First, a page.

Of particular note though, is the smaller moments of realism brought into the character. Fleshing The Engineer out to show the small moments of care, and the bond that Zarate allowed to be built with Tam. Showing a care and protection that eclipsed the simplicity of many portrayals of this character. His onstage work with Tam (played adorably by Matia Godbold – who should also get a nod for the most gorgeous bow in the history of theatre) was the hallmark of a fully developed character.
The character of Ellen Scott is a particularly difficult one, as she gets so little stage time to develop her character or make her case to the audience. Often seen as “the other woman” who ruins a timeless romance. Jessica Ham however, used her brief stage time to give us a passionate, fiery, collected version of the character. Showing the emotional journey and deep love that Ellen and Chris share, Ms. Ham took the stage like a beacon bridging the two worlds that her marriage now occupies. Her stunning vocals in ‘Now That I’ve Seen Her’ brought the audience to pin drop silence.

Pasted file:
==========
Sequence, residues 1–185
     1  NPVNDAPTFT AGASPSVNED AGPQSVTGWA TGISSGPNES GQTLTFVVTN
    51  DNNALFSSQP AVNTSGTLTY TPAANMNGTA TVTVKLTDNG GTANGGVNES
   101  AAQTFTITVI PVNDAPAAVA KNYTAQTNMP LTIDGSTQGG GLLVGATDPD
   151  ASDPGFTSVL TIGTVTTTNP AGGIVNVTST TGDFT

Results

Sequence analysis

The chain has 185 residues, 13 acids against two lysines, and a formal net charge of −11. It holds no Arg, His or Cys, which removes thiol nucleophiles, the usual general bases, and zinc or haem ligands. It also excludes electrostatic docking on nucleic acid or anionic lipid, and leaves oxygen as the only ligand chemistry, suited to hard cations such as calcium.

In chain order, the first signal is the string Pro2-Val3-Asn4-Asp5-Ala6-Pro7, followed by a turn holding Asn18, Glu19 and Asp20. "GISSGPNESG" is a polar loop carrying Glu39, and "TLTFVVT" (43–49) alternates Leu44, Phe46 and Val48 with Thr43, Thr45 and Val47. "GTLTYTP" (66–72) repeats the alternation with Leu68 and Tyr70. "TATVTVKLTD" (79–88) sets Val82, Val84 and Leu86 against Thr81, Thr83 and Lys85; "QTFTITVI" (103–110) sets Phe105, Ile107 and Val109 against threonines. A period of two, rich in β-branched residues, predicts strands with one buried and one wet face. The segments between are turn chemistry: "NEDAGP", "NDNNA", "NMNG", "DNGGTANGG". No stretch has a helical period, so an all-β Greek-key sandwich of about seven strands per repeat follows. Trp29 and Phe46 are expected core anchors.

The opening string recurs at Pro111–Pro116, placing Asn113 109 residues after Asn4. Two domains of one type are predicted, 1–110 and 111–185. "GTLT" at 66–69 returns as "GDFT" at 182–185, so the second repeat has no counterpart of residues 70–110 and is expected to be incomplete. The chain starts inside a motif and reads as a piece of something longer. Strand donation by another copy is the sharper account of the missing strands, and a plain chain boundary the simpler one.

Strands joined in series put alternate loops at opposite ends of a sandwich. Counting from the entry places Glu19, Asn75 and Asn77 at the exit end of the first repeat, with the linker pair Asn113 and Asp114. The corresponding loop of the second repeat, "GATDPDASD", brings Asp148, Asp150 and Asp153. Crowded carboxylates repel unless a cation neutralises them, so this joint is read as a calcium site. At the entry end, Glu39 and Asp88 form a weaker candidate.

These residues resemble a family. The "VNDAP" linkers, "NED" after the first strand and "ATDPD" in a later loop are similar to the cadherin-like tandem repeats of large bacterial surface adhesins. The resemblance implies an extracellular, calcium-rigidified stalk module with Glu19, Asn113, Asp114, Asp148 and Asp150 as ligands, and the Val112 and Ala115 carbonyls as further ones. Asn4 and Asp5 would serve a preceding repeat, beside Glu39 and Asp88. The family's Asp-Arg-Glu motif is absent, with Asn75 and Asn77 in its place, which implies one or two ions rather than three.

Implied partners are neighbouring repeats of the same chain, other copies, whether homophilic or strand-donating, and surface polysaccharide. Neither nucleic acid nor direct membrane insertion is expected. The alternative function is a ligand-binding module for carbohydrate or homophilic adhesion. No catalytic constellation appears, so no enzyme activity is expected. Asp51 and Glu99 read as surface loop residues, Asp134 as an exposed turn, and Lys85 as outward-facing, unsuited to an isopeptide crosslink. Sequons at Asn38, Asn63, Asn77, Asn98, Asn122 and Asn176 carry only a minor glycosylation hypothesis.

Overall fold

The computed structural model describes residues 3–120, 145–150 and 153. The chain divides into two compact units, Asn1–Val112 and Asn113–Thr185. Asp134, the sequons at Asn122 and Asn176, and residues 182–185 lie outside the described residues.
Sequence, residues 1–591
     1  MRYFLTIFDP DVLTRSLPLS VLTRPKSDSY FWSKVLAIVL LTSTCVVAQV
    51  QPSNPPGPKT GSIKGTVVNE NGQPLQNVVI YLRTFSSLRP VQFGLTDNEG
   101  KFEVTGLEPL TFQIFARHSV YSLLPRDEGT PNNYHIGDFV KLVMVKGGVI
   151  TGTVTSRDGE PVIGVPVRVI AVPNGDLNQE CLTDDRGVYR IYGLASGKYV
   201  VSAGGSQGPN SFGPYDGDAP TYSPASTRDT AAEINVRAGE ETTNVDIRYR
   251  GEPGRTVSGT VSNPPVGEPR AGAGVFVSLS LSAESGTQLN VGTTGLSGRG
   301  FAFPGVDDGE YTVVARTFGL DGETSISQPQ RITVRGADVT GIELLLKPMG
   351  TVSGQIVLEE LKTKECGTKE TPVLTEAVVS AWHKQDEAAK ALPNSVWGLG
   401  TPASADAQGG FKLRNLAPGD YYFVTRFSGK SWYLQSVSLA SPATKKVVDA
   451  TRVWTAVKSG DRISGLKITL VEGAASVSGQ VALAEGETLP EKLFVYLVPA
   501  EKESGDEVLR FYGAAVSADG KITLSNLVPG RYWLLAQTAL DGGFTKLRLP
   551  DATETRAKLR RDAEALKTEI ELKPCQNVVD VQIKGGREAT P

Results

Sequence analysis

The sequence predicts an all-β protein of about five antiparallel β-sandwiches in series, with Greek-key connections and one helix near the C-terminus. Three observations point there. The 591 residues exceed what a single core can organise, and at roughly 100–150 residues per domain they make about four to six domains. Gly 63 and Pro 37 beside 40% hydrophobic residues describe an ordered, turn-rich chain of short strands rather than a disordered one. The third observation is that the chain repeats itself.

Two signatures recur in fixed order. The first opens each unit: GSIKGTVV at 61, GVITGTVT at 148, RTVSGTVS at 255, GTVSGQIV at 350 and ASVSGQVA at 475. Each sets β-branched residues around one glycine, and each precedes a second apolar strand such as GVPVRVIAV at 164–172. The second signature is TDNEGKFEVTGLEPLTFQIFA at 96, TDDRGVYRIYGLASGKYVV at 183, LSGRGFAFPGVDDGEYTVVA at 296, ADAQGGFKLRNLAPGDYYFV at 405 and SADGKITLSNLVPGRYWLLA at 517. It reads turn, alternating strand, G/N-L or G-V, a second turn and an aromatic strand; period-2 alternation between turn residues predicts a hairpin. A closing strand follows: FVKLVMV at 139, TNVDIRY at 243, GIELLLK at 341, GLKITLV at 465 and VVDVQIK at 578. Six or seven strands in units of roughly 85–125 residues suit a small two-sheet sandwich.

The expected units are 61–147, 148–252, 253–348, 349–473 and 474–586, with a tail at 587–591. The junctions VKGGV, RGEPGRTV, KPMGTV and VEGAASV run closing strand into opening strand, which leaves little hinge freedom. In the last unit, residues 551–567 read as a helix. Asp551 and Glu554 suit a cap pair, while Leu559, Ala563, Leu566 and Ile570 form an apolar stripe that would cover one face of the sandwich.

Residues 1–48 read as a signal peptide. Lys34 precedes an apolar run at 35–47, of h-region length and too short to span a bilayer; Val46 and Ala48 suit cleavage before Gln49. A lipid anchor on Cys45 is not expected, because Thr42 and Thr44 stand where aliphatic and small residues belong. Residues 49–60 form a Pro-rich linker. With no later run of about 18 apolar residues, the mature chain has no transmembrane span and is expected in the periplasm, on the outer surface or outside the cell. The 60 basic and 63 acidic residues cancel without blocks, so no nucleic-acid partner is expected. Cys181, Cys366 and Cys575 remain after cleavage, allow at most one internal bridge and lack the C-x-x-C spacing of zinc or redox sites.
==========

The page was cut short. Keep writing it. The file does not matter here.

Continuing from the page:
Tristan Ham brought a moral, driven portrayal of John to the stage becoming a constant balancing point to Chris. Always trying to pull him back in to do the right thing in the face of his adversities. Mr. Ham’s vocals were sadly often marred by the crackle of a fault microphone, that was eventually switched off onstage. That didn’t stop him powering over the top of the orchestra during the duet Please, and again in Ellen and Chris, showing is impressive vocal power and talent. It was his delivery of Bui-Doi though, that brought the house down.
Christopher Scott is a viciously difficult role. Vocally and emotionally demanding. The only way to bring him fully to life is to find the moments of opposition, and act them through into the silences, the unspoken. A show like Miss Saigon has precious few moments of joy, or laughter, in particularly for the ill-fated couple Chris and Kim, but they are there if you look for them. Chris Simpson’s portrayal of Chris, the “man in the middle”, struggled to bring through the fullness of his character.